Depression
Stress can manifest itself in many ways. Some people experience anxiety, depression or anger. Left untreated these treatable conditions may develop into bigger problems like insomnia, anorexia or even agoraphobia. Combat stress is here to help. <i>Photographer's note: The Soldier depicted in this photo was part of a low-key studio lighting workshop and has no connection with Combat Stress as a counselor or patient.</i>

BASRA, Iraq (Army News Service, Aug. 20, 2009) -- A Soldier paces back and forth his 22nd floor suite with a room key in his hand. It's well past lunchtime and he's starving, but he can't stop pacing. He's checked himself from head to toe, but something still isn't right. He has his keys, wallet, sunglasses, extra money and a small knife in his waistband.

He makes another run at the door but stops short. Looking in the mirror he sees a man in board-shorts, a t-shirt and flip-flops. He thinks he looks like a tourist, but so what; this is Hawaii. Everyone looks like a tourist.

He decides the game has gone on long enough, three full hours to be exact. Finally, he charges across the room and grabs the doorknob. A twist, a pull and he's in the hallway. Now, how hard was that' He walks a few steps to the elevator and presses the down arrow. Almost instantly the doors slide open to reveal a half dozen smiling faces. His heart begins to pound as sweat beads on his forehead, but he manages a slight smile and says "I'm going up."

As soon as the doors slide shut he makes a b-line back to his room, fumbles with his keycard and collapses into a chair. He stares at the ceiling thinking how ridiculous this is. He's not in Iraq and even when he was it didn't scare him. He's never been afraid of anything or anyone, even when he should have been. He's got the scars to prove it. So what in the hell is going on now'

"Most Soldiers who come to Combat Stress report depression, anxiety and sleep difficulties and these are usually linked to conflicts with their families back home or with their units here on the ground," said Lt. Col. John Kuzma, 34th Infantry Division psychiatrist. "Interestingly, most complaints are not about post traumatic stress disorder, although some Soldiers who have deployed previously will sometimes get flashbacks from events they experienced here."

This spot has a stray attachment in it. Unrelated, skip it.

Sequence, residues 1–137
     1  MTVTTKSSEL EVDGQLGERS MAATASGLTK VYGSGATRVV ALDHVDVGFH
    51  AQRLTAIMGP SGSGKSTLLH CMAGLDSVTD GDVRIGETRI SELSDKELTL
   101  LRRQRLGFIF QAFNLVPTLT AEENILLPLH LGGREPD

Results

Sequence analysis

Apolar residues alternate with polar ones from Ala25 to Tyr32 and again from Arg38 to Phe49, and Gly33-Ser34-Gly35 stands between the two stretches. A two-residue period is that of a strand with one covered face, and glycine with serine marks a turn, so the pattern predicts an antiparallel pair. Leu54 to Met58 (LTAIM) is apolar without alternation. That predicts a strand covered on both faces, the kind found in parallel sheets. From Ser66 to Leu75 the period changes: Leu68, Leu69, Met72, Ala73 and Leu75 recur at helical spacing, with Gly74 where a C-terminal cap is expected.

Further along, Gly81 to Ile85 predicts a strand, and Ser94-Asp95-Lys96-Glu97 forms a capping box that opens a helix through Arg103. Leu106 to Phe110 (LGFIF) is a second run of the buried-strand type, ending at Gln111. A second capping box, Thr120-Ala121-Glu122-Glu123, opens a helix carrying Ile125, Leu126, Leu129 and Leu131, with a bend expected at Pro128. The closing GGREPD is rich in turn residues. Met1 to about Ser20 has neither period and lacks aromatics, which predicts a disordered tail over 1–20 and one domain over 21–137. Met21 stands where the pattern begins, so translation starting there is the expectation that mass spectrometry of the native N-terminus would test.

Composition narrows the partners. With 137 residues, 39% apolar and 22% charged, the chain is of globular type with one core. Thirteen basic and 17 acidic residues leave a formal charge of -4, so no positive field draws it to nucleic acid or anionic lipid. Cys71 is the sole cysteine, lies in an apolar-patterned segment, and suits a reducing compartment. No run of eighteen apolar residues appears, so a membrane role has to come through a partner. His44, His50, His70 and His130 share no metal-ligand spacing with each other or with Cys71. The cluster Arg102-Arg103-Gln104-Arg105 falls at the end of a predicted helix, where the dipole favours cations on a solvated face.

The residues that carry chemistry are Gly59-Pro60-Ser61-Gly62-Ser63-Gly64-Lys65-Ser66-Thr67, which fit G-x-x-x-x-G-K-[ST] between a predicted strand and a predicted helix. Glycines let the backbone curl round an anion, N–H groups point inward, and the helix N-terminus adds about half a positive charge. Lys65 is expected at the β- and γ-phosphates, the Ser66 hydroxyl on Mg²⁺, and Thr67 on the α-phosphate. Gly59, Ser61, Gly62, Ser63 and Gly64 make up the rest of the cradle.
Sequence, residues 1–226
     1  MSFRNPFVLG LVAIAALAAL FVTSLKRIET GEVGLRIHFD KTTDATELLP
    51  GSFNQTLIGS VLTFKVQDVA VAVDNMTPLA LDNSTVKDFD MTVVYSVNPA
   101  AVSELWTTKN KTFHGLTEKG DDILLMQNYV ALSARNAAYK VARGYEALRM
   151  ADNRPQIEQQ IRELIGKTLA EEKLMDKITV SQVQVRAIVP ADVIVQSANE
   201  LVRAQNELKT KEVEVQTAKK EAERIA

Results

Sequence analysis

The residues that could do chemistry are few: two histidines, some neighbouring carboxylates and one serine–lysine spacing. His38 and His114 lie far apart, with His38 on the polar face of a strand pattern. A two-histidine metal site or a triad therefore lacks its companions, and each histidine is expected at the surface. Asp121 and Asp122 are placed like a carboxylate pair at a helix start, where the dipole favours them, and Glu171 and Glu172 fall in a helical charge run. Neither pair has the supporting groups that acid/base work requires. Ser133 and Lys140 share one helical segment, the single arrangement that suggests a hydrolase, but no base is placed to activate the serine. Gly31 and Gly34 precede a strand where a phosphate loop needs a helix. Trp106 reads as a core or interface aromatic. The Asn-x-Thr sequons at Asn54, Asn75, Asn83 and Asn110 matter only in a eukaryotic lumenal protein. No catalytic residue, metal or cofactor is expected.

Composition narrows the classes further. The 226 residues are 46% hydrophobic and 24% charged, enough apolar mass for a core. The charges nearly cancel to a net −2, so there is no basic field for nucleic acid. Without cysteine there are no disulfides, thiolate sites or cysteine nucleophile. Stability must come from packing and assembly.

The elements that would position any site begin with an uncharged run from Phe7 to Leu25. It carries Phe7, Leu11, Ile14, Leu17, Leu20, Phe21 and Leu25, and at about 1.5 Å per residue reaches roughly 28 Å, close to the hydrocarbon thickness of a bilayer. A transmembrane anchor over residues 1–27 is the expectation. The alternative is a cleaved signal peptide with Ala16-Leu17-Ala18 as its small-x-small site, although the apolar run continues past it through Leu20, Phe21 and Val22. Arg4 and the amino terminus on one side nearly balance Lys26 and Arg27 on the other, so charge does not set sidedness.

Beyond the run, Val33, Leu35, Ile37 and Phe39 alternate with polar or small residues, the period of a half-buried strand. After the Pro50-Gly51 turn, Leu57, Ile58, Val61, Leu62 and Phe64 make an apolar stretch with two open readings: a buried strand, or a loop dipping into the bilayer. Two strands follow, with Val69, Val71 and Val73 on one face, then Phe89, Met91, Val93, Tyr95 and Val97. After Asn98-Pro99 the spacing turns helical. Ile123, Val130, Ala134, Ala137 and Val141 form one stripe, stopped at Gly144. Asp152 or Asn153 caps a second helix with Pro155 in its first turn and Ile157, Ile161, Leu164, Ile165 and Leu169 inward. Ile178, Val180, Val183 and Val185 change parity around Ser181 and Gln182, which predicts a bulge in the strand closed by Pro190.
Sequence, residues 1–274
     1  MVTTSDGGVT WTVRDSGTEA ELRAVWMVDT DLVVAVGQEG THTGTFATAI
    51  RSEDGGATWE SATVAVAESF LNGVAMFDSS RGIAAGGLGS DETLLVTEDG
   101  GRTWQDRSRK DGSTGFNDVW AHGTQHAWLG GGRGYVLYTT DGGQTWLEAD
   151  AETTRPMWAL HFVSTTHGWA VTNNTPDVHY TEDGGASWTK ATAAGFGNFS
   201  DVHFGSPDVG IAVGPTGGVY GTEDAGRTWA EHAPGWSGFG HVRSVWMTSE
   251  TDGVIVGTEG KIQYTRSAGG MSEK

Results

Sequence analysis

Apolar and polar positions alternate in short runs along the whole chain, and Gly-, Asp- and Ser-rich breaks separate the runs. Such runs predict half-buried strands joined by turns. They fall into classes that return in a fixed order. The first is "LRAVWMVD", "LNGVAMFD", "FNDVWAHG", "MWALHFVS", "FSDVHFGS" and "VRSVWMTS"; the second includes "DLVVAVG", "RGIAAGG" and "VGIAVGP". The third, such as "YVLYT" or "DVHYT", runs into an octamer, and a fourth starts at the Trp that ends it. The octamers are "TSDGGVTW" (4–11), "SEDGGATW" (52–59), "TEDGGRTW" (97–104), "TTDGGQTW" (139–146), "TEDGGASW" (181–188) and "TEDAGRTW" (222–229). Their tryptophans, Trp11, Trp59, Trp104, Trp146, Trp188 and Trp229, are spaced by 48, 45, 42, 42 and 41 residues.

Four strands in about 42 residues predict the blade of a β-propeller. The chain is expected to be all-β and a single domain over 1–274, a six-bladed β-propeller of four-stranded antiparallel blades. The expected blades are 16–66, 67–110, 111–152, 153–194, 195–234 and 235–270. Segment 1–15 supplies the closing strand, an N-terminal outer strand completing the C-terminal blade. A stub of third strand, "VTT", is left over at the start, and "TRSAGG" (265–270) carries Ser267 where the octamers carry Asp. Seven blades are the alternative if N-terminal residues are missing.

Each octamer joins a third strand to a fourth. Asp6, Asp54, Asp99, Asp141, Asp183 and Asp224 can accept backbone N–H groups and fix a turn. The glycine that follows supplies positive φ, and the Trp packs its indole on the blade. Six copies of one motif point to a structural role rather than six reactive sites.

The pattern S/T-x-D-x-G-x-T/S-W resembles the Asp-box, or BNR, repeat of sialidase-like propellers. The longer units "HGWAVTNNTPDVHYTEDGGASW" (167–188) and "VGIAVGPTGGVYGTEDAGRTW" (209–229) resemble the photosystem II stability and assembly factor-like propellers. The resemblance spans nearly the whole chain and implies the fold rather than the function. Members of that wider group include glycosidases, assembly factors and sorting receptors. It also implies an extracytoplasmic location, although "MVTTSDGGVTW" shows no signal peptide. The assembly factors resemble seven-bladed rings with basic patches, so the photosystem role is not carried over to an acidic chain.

My first trip to combat stress was in 2005. I didn't go because I was particularly stressed, though I was under a lot of pressure at work. I went because it was right across the street and the girl in the reception area was a friend of mine. I'm not a fan of flavored coffee, but when I would get an email from Kay that said the coffee was on and the flavor of the day was pumpkin pie, I couldn't resist.

Kay was the type of person who could put a smile on the Grinch's face. We would sit and talk about work, home and anything else that came to mind. I had no idea I was being counseled.

About midway through my second tour I noticed my aggression level was getting a bit out of control. I spent most of my time outside the wire on combat missions. I'd been shot at a few times, blown up and even loaded a few new-found friends into medevac helicopters, knowing there was no help for them on the other end. I knew I needed to talk to someone, but a salty old grunt like me at combat stress...not a chance.

"The most common concern that Soldiers relay to me is that they were afraid that going to combat stress would be a sign that they were weak or were looking for a way to go home," said Kuzma. "Our mission is to help Soldiers complete their deployments and in the vast majority of cases we can do that."

Over the next few weeks the frustration grew. I took it out mostly on office furniture, slow computers and phones with obnoxious people on the other end. Friends and co-workers recommended combat stress, but I didn't want to seem weak. Then one day the levee broke. I called a chaplain a dumb b----. Counseling was no longer a suggestion; it was an order.

Walking into that clinic the first time felt strange to say the least, but in the long run it helped. My co-workers no longer scattered when I walked in the room, my boss no longer kept a stack of counseling statements pre-printed with my critical information on them and even the chaplain forgave me.

"The flurry of programs, briefings and materials you are getting may seem a bit overwhelming at times but I believe it shows the Army's determination to help Soldiers identify when they or their buddies need help and to make sure that help is available" said Kuzma.

It's been nearly two years now and for the most part I've been fine. Recently though, I've seen some old patterns emerging, as well as some strange new ones. No one needed to order me to Combat Stress this time. It got me through my last deployment and I have confidence it will get me through this one. The first step is the hardest. You just have to make the decision to reach out and grab that doorknob.

By the way; Hawaii was beautiful ... once I got out of the hotel room.

(Staff Sgt. Dave Lankford serves with Multi-National Division - South Public Affairs.)

Page last updated Thu August 20th, 2009 at 14:49